What is the Flagstaff Trails Initiative?

Trails are part of what make Flagstaff what it is – a place that embraces its extraordinary setting on the Colorado Plateau. Trail providers, users, and other stakeholders have come together to make sure that the Flagstaff trail system is not just good, but incredible.

The purpose of the Flagstaff Trails Initiative (FTI) is to develop and implement a collaborative strategy for trails in and around Flagstaff.  It seeks to improve the quality, connectivity and community support for a sustainable trail system that balances the demand for recreation with the community’s vision for conservation, development, and health.  

The FTI will include a mix of elements – like conceptual ideas for new connections, ways to support long-term maintenance improvements and strategies to protect environmental quality – that will make Flagstaff a better place to live and visit.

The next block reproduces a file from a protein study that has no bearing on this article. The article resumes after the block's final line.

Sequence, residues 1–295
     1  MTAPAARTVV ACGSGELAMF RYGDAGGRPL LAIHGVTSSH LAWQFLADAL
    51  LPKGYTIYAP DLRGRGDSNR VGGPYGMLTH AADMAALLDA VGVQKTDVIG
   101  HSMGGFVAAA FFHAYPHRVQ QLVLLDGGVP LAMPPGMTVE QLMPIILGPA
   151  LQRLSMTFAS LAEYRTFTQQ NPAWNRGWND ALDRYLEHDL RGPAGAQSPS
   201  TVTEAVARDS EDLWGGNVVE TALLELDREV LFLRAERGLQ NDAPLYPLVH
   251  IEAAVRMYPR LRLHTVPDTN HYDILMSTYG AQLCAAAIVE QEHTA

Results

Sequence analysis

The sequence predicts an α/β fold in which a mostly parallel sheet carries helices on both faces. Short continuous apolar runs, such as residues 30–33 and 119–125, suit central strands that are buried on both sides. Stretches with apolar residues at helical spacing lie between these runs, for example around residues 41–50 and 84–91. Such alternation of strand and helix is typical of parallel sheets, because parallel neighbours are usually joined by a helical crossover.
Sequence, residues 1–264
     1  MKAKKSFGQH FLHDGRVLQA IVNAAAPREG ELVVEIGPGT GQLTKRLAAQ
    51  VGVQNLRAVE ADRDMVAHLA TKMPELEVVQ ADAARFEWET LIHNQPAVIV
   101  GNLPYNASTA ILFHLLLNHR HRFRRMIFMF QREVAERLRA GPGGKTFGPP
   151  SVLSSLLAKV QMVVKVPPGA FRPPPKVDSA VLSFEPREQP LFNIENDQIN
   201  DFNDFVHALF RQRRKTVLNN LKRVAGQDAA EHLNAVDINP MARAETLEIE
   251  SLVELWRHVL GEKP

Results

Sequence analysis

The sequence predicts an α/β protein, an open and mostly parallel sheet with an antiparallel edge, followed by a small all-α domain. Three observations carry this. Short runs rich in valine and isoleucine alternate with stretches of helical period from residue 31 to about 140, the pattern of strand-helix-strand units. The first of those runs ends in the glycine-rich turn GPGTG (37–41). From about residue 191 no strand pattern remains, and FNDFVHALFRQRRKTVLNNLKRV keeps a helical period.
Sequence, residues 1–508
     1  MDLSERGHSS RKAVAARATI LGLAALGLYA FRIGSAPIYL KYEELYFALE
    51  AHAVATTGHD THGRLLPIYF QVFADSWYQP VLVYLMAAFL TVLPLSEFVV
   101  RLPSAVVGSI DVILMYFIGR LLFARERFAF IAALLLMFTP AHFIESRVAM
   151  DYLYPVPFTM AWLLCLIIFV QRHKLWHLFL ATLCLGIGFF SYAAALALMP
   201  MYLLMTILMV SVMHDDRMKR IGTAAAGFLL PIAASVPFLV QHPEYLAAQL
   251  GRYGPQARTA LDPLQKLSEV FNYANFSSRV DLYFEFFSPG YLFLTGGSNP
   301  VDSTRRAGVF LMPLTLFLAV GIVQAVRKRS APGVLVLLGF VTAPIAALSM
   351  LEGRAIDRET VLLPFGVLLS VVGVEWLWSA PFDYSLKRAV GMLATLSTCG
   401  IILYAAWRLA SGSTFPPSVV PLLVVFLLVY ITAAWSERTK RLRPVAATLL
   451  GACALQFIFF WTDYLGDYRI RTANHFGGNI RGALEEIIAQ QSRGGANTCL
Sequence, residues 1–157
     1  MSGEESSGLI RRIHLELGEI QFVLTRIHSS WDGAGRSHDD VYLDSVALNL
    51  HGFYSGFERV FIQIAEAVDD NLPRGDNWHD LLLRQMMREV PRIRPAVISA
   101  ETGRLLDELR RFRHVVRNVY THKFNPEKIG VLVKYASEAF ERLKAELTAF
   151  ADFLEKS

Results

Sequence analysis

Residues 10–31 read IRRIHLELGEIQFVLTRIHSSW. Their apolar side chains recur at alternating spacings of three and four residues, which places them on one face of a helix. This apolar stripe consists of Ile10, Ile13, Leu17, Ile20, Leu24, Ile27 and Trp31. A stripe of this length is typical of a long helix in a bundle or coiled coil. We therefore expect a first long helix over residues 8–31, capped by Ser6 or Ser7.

Who is involved?

Anyone and everyone who cares about trails in Flagstaff can be involved in the FTI.

Founding partners for FTI include the City of Flagstaff, Coconino National Forest, Coconino County, Flagstaff Biking Organization, and the National Park Service. Other diverse organizations including the Coconino Trail Riders, Sierra Club, The Nature Conservancy and Arizona Trail Association have also joined the effort to make sure Flagstaff’s recreational assets are everything they can be.

How much of the area around Flagstaff are we talking about?

This project will focus on non-motorized and motorized trails inside the boundary of the Flagstaff Metropolitan Planning Organization, which extends from Bellemont to the west, Winona to the east, Sunset Crater to the north and Mountainaire to the south. It includes trails managed by the City of Flagstaff, Coconino National Forest, National Park Service and Coconino County.

Why trails/why are we doing this?

They give us something fun to do with our time. They make us healthy and strong. They generate connections to nature. They create business opportunities. They improve our mental health. They give our kids places to run around. They draw visitors, who spend money and generate jobs. They help us get to work.  They help us better understand our environment. They let us test ourselves. They limit environmental impact. We could go on…